History was made on this day in 2015, when Iran agreed to the landmark nuclear deal, better known as the Joint Comprehensive Plan of Action. The counterparties were the P5+1 nations—namely: the United States, the United Kingdom, France, Germany, Russia and China.
With the lifting of UN, US and EU sanctions and opportunity of free trade, the deal was to usher in a new era of economic prosperity for Iran and stability in the Middle East, already mired in various conflicts. And indeed, Iran’s economy did witness growth. But it was a dream short-lived.
With the 2016 change in administration in the United States, outlook towards the deal soon changed. There were concerns in the corridors of the Oval Office about the justification of the US staying in the JCPOA—according to dissenting voices, the deal failed to cover key areas including Iran’s missile weapons and its role in the region.
Hawkish American officials, including the National Security Adviser John Bolton, who was late last year awarded the “Defender of Israel Award” by the Israeli lobby group Zionist Organization of America (ZOA), had been vocal in their concerns about the terms of the JCPOA.
And one month into office, in May 2018, Bolton, along with his hardline colleagues, put the final nail in the Iran Nuclear deal coffin, by pushing Trump to withdraw from the deal completely, calling the deal “defective to its core”. Harsh sanctions on Iran soon followed.
Iran’s economy experienced a dramatic slump. With crippling sanctions on the oil, petroleum and banking sectors, the Iranian economy, according to IMF forecasts, is expected to experience negative growth of 6 percent. Inflation has reached a staggering 40 percent. And with fresh sanctions on the metal industries, employing a 600,000-strong workforce, the Iranians are bracing themselves for further unemployment and economic hardships.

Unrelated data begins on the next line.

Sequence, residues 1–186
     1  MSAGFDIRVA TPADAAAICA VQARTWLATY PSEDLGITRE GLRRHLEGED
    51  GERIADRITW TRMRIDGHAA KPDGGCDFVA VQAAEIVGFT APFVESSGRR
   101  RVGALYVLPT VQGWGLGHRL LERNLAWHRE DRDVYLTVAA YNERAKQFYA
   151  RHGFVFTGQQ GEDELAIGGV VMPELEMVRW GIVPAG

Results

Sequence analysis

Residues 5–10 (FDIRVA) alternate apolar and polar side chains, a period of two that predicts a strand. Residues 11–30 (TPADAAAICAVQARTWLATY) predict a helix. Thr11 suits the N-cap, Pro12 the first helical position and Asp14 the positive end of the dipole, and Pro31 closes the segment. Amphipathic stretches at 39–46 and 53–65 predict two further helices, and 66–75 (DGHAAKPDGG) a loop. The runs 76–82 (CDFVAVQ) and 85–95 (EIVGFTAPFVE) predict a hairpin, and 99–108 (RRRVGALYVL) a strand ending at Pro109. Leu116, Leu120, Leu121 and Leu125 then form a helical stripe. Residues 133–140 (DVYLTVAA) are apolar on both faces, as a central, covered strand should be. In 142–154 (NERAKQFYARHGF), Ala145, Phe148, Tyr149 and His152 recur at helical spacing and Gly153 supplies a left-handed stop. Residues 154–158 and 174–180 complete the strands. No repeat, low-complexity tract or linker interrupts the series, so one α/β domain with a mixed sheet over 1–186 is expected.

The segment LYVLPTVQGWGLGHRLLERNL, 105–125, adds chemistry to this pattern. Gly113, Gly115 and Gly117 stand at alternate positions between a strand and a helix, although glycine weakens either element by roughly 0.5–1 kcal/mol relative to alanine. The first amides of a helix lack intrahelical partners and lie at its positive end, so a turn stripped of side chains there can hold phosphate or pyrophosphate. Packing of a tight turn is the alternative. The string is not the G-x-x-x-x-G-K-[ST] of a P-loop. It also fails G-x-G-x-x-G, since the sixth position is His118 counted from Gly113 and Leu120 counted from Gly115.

In the face of such harsh economic warfare, Iran appealed to the European signatories of the JCPOA to help the country mitigate losses from the US’ unilateral sanctions. After scrambling for months, Europe came up with the solution, a special purpose vehicle (SPV) called INSTEX, that would enable corporates to carry on trade with Iran, circumventing American sanctions.
The system is simple: INSTEX is a barter system that would enable companies to import from and export to Iran, without direct cash transactions with Iran. For instance, a company exporting medical equipment to Iran can register with INSTEX and collect cash from another company, also registered with INSTEX, which is importing nuts from Iran, theoretically at the snap of a finger.
Implementing INSTEX in the real world, unfortunately, is not as simple as it sounds in theory. The major problem is, most companies fearing secondary US sanctions are not willing to join INSTEX. The E3 countries have created a “diplomatic shield” to protect companies trading with Iran through INSTEX, by state-sponsoring the SPV, and creating a governing council consisting of high-level government officials from the sponsoring countries, so that the US cannot create unnecessary pressure on these government-backed companies for conducting business with Iran. Yet, it does not necessarily mean that the US will not bully INSTEX-registered companies, because so far they have displayed little regard for diplomacy.